Published: 07:17, 22 May 2019
| Updated: 11:24, 22 May 2019
Nathan Elder is determined to help Sittingbourne's talented youngsters fulfil their potential.
Elder was promoted to assistant manager in February and is thriving in his new role alongside boss Chris Lynch.
The former Brentford striker has so much experience to share with the Brickies players and only wants the best for them.
Elder said: "We’ve got some talented boys at Sittingbourne. There’s some who, without a doubt, should be going to higher leagues.
"Whether that’s the Football League yet, I’m not sure, but there are three or four who I think can push on.
"But they need to learn a lot first and that’s part of my job now.
"It’s not just about success for the club domestically – a cup run or doing well in the league – but also where can we push these players to in the future?
"Are these players going to get phone calls in the future to go to higher clubs?
"That’s part of our job as well, to get these guys careers in the game and that’s what we’re looking to do."
Having hung up his boots, Elder is finding the world of coaching a steep learning curve.
He said: "I’m learning a lot from Chris every single week. I speak to him pretty much every day, even now during the off-season, because we're trying to build something special this year.
"It’s a good club which just needed a bit of help. From before Chris started to now, he’s adapted everything from the training to the way we turn up on matchdays, even things like club tracksuits.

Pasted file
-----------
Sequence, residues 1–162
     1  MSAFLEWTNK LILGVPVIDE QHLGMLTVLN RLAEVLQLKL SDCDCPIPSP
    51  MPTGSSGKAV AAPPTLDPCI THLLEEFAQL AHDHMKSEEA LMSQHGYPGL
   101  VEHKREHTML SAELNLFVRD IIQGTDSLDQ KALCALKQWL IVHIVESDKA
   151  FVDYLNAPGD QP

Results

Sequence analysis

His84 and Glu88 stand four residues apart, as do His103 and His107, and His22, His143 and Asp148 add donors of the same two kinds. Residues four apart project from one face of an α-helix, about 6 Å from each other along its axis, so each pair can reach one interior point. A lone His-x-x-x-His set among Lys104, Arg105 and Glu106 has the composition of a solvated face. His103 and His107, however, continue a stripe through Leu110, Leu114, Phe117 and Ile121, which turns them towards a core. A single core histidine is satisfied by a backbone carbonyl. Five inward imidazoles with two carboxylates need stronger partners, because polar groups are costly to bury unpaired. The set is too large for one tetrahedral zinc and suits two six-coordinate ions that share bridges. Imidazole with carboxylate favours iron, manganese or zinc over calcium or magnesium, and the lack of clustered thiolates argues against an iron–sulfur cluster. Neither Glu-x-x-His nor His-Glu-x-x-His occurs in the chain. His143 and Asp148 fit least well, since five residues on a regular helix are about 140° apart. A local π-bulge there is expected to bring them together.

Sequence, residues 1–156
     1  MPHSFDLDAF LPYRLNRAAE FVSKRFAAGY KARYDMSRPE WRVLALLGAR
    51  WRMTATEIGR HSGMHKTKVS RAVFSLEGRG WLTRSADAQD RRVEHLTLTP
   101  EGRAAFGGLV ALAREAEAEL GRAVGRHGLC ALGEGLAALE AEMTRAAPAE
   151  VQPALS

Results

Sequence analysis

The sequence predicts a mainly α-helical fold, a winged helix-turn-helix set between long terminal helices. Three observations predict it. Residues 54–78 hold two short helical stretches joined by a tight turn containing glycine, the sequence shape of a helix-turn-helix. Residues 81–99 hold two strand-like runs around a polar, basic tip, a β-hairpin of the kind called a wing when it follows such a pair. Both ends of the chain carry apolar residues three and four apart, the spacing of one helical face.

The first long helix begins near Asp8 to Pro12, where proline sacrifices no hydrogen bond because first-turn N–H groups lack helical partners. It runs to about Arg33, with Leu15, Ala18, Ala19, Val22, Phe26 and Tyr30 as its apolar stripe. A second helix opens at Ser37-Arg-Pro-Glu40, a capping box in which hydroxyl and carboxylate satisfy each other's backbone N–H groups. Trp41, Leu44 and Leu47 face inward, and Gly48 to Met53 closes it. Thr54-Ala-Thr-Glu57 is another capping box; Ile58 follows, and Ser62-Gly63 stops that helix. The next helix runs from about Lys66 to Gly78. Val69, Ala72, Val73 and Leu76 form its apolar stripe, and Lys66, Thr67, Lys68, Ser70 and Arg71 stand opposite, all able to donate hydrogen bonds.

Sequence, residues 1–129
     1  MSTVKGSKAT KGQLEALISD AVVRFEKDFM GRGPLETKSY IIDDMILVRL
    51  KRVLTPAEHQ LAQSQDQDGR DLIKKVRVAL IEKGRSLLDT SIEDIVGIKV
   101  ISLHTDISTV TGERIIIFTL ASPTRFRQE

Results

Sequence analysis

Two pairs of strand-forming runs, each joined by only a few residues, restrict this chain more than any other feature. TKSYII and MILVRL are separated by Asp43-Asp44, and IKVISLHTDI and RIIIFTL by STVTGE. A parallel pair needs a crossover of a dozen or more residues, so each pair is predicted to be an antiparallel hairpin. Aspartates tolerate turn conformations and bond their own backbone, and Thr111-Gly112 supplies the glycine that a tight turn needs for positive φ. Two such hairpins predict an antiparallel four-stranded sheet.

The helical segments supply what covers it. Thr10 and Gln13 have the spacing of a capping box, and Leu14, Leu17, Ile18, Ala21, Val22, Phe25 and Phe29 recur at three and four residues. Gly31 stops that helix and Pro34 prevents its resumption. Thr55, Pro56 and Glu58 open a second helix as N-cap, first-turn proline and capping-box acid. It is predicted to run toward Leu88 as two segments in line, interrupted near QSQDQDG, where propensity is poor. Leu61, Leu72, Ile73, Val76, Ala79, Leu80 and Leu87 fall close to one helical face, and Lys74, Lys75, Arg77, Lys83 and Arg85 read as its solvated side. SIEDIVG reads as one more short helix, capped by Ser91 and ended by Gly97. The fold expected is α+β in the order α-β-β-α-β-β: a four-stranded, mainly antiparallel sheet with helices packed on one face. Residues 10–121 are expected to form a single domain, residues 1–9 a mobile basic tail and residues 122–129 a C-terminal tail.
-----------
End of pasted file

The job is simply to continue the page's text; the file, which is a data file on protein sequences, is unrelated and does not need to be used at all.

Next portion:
"There’s been a lot of changes and it’s good for me, at this stage in my career, to see the changes he’s been making to then know what you should be expecting at any other club.
"If you go to a club with loads of money, you need to exactly where that money needs to be spent. I didn’t know any of that before and I’ve still got a long way to go but I’m learning a lot."
Elder's already seen enough to know he'd like to be a manager himself one day.
"It’s a wave of emotion," he said. "When you’re on the sideline, you’ve only got a certain element of control.
"You can put 11 players on the pitch but you can’t control what they do with the ball.
"You can give them all the advice in the world and give them tactics but someone’s recovery run or someone losing their man on a corner, you can’t control any of that and that’s one thing I’ve had to adapt to - letting go a little bit."
Nathan Elder was speaking on the KM Football Podcast